I think it’s comparable to the 2001 working group because they went back to first principles in a lot of cases. I think, actually, a lot of the concern was that this working group wasn’t duplicating the work of the previous one. I don’t think it was any more substantial or whatever than any of the others. It’s just more recent.

The 2010 group – the Bob Buckle-led group – which reported in 2010 suggested that there was perhaps a need for a permanent working group on these areas. What are your thoughts about that?

Well, if you actually want independent people, I don’t think you can make them permanent because the advantage of this group is that they were knowledgeable people, but they weren’t insiders. If you start becoming permanent, how are they different to the officials? Or how are they different to senior officials who were reviewing work?

I think there’s a lot to be said, for every new government, a really good look because it is a lot of time and a lot of kind of emotional and intellectual bandwidth. It’s not something that springs to my mind as being necessarily a desired state because, also, if you think about it, the members are quite different from the 2001 to 2008. It’s good. Each government can kind of put their glass or their direction on the types of people they want to do the reviewing.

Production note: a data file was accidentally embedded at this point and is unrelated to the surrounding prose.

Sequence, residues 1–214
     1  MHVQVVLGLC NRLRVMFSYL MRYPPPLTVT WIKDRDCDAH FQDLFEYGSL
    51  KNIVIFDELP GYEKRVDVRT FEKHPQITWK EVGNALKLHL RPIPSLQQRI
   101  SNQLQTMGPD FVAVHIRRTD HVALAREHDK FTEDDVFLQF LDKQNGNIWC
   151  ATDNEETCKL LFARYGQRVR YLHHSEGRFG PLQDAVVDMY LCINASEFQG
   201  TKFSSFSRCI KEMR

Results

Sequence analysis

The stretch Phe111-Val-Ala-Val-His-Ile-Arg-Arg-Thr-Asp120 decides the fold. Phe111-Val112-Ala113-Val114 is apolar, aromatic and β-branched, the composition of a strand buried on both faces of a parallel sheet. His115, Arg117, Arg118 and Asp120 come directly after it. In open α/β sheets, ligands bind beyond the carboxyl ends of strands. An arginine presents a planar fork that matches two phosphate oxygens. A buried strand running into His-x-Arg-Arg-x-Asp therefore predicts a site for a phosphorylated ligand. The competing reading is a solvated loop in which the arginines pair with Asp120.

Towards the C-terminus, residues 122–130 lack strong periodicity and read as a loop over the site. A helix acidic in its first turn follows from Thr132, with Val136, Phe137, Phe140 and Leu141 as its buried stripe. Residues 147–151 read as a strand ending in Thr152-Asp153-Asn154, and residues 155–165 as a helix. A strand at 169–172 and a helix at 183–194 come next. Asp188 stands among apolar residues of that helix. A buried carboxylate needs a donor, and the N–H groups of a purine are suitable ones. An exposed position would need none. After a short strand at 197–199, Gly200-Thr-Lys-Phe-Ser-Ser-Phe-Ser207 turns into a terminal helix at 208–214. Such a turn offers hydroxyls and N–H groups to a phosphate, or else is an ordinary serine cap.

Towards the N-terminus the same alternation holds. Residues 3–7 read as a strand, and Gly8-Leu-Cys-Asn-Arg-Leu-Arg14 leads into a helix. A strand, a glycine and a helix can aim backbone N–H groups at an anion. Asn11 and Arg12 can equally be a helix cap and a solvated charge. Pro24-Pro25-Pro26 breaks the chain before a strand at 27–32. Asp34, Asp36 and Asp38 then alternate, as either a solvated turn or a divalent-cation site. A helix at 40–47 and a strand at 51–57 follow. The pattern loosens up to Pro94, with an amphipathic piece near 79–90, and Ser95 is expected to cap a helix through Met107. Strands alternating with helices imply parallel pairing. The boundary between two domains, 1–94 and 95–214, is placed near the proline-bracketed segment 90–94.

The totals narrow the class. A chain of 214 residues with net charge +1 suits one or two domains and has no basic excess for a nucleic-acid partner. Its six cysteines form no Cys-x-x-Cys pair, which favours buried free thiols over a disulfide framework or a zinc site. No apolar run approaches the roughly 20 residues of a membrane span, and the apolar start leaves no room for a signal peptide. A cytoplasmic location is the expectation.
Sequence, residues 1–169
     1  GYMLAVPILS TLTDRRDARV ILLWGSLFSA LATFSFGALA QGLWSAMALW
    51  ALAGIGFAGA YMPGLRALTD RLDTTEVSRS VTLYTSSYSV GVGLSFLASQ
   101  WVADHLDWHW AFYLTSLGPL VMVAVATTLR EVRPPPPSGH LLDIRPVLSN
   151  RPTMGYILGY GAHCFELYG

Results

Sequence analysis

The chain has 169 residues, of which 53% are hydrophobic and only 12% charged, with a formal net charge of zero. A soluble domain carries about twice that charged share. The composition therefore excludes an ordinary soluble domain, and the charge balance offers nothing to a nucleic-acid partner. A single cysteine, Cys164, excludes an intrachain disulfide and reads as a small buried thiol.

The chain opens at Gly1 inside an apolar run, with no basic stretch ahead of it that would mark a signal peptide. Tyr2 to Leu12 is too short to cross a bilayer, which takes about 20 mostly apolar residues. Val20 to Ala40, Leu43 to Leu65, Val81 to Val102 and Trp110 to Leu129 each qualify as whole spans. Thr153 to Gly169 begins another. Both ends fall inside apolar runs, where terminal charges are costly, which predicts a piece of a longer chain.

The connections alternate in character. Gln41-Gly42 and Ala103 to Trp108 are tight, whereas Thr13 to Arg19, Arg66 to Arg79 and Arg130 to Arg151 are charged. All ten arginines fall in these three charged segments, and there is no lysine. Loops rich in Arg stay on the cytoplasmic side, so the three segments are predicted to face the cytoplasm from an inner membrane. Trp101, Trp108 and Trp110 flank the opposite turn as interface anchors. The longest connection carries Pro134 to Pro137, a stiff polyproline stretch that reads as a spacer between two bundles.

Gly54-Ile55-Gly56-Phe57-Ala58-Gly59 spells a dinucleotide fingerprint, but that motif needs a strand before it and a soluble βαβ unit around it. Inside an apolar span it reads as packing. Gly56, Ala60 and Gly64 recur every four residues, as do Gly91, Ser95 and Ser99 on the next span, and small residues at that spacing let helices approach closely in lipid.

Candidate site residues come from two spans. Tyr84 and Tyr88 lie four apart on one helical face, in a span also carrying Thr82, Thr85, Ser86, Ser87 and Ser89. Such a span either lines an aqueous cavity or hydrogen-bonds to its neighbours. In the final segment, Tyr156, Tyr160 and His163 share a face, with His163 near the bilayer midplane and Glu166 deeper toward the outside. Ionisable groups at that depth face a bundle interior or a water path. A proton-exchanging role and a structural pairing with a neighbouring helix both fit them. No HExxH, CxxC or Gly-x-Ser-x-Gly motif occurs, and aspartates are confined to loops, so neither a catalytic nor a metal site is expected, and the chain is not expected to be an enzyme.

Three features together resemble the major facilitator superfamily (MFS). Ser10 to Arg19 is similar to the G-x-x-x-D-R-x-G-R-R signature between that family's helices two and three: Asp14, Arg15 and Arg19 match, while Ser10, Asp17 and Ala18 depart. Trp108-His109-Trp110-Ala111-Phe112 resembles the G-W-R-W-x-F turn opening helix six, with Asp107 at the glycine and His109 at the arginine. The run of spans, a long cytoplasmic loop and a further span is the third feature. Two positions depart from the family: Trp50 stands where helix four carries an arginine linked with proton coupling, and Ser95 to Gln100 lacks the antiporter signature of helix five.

Well, thank you very much, Andrea! It’s been an absolutely riveting episode, I believe.

If you’re a tax nerd, it’s really, really interesting to hear your side of things and a brilliantly different perspective on what’s going on is the point about the mix of how the group worked together, the living standards framework, and particularly just how progressive our system is. That alone shows that there’s still scope for what might be seen as quite radical change even though it’s not – for want of a better word – a snappy thing such as a capital gains tax. That’s been fascinating.

This article is a transcript of the April 26 edition of The Week In Tax, a podcast by Terry Baucher. This transcript is here with permission. You can also listen here.

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Aren’t the bottom decile net tax consumers? How does that 23% figure come about?

They pay income tax and GST first and then depending on eligibility they may or may not receive additional financial assistance. For example somebody receiving the unemployment benefit pays income tax on that income and GST on purchases. They may receive no other assistance. At the other end of the scale I recall a client who earned a top decile salary, made a capital gain on the side, made a "bad/wrong" business investment, still earned a top decile salary albeit in a different form and because of how it's been arranged not only does not suffer consequences of bad decisions as some here believe should be the case, but will pay no tax other than GST for the rest of his life. What is a net tax consumer? Be careful how statistics are reported and be able to read through the bias and spin.

Thanks for your comments. Here is the graph Andrea mentioned during the podcast. The blue stuff is tax.


Seems pretty pointless to look at the tax collected in isolation from tax returned in form of various benefits ( once that is factored in the bottom decide becomes "net consumer" of tax , and some ) .

Pretty pointless - unless the aim is to obscure the true state of things - which I think is the idea .

Him paying no tax other than GST for the rest of his life makes it sound like GST is the way forward.